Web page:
Pembrokeshire coast in Wales
Camping and caravanning are big in 2012, as the recession and an increased media focus on the UK (thanks in part to the Olympics), put emphasis on local, affordable holidays with close family and friends.
Not only are websites and holiday parks like Park Resorts enjoying renewed interest in caravans for sale in the UK, the British and European wild travelling scene is also finding a crossover occurring between luxury, urban commodities and wild, rural settings, through trends such as glamping.
Top for families:
Arthur's Field, Treloan, Cornwall
Located on the Roseland Peninsula, Arthur's Field has long been one of the UK's best-loved, and most well-known, family campsites (it's on the award-winning Guardian Travel site's Top 10 family campsites ). And its experience and popularity make it an enduring, and safe, choice for parents with kids. With the possibility of pitching up yourself with a tent or caravan, or renting a mobile home or 'snug' (pretty tight; the Guardian's visitor reckons a couple and one child maximum!), you've got options for your accommodation. There are also several beautiful and quiet beaches within walking distance, and the chance to get involved with looking after the farm animals, and participating in workshops on site.
Best for couples:
Camus More, Kilmuir, Skye
A remote, remote spot that will take you away from mobile reception, internet, and families. This campsite is extremely basic but its views across the Little Minch to the outlying islands make it breathtaking; and with stunning walks, the chance of spotting a golden eagle, and some lovely sunsets in a very under-the-radar surrounding, this is an ideal spot for you and a loved one.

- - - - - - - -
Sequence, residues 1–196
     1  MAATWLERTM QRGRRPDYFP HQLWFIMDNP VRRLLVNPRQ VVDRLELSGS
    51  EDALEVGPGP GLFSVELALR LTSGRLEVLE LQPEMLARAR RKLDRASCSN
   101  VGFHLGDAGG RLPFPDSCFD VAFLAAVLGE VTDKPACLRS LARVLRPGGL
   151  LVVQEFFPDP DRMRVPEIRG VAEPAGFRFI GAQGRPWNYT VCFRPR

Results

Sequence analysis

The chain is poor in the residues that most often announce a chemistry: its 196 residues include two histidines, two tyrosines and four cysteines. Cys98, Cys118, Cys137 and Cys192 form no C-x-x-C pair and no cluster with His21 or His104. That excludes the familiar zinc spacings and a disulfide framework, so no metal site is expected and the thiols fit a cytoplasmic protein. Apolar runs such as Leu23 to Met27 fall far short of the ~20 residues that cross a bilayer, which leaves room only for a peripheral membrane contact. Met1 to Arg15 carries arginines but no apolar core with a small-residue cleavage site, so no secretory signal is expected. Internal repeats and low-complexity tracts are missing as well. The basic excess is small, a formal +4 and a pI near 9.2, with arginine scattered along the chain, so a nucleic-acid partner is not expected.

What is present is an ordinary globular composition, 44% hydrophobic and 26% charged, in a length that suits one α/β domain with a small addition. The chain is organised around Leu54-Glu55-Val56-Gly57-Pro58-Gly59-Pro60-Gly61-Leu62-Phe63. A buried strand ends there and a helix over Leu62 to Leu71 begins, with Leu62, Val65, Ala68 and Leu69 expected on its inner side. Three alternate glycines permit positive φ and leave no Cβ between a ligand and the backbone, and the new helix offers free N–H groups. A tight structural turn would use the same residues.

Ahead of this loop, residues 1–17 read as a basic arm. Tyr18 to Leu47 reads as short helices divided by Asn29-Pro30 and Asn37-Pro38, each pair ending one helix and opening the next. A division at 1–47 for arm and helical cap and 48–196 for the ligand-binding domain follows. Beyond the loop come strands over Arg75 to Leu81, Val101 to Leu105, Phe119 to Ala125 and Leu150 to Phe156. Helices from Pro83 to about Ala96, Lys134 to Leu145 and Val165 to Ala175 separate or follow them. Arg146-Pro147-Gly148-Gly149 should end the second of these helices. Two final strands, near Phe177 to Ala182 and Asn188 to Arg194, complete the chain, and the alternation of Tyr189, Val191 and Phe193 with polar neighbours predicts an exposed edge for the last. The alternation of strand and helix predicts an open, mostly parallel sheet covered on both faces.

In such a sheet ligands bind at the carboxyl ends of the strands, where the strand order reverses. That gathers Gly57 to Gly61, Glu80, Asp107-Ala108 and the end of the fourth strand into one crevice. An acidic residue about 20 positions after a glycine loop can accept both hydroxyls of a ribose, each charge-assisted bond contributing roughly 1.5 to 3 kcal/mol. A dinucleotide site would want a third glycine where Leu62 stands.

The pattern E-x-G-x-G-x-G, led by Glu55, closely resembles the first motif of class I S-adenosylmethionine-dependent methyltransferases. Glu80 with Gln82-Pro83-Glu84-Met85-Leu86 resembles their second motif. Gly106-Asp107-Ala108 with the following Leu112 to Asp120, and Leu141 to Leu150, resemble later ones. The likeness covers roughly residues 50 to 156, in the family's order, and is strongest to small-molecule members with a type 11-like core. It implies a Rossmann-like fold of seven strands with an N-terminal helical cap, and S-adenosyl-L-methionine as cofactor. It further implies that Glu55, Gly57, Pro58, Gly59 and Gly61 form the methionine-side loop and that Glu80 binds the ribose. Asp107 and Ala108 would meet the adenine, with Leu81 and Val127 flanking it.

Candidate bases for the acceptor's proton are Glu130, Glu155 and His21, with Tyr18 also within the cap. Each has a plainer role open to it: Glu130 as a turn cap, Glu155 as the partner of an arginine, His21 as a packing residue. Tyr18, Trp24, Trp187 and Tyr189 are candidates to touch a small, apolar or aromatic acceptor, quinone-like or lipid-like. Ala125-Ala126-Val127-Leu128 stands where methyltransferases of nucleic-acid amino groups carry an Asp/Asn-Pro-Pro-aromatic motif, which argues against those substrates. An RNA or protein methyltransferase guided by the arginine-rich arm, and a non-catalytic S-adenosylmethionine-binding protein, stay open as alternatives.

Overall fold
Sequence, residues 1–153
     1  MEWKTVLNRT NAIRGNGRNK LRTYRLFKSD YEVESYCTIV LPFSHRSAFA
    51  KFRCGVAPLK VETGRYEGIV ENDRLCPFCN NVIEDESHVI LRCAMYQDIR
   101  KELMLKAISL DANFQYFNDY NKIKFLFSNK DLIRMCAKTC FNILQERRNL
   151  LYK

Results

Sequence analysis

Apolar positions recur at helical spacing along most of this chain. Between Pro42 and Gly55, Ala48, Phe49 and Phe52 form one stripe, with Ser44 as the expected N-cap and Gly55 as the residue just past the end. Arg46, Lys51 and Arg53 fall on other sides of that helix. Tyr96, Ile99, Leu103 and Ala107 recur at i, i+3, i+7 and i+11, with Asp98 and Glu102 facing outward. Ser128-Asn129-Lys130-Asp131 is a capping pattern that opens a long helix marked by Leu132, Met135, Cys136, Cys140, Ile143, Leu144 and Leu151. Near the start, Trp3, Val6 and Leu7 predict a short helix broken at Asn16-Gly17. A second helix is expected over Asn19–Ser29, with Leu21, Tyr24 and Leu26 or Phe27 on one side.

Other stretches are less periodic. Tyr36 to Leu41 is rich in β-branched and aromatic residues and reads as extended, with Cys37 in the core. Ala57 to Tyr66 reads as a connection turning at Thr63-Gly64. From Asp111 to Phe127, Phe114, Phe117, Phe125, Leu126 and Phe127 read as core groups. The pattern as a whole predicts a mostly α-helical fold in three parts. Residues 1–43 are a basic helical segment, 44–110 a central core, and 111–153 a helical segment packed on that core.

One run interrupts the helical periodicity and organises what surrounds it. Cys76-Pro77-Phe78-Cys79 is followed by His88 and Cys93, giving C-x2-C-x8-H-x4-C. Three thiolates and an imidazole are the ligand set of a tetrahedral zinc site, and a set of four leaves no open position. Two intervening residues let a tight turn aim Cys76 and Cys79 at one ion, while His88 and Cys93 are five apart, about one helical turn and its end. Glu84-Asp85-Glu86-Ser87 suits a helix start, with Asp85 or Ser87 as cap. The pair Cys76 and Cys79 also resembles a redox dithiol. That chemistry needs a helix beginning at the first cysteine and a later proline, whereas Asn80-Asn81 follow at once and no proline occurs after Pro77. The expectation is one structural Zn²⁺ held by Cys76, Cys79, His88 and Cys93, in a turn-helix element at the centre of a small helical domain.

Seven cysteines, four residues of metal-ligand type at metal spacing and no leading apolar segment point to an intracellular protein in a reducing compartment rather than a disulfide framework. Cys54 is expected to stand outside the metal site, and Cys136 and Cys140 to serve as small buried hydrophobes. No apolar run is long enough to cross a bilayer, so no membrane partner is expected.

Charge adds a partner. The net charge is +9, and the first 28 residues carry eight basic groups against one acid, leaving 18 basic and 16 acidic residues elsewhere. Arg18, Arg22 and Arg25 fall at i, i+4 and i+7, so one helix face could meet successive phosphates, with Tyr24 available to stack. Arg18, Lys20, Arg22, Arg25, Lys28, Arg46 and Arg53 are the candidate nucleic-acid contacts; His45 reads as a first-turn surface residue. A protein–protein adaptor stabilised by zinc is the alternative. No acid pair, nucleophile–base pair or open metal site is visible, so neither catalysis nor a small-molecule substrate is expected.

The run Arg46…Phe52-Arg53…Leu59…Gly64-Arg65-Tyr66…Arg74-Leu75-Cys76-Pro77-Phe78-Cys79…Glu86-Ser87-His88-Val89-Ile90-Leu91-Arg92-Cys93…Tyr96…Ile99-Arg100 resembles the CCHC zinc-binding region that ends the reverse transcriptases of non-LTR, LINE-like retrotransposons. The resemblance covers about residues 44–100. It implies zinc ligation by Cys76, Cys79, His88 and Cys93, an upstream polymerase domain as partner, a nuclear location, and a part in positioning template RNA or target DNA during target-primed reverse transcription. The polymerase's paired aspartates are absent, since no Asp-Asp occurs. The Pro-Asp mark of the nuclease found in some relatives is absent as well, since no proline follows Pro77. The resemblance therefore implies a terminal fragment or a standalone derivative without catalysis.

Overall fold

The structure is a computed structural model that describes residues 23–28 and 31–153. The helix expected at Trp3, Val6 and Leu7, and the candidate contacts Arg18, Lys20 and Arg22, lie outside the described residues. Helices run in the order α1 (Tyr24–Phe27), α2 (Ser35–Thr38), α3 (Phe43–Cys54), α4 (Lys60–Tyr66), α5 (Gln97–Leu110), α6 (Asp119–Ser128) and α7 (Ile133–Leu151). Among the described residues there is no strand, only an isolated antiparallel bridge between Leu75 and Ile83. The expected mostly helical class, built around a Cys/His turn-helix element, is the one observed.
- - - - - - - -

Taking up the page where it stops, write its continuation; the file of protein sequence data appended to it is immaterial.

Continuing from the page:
Best for adventure:
There is a wealth of excellent adventuring campsites to choose from in the UK, from excellent off-road cycling in Grizedale in Cumbria to a climber's haven in the Peak Distric with North Lees campsite, but Fforest in West Wales has the philosophy as well as the views. Its policy of 'active relaxation' includes sea kayaking, 'coasteering' (scrambling along the cliffs with hands and feet (exhilarating and view-worthy if you can tear your eyes from the rocks!), as well as tree climbing. Adults who go here tend to have even more fun than their kids!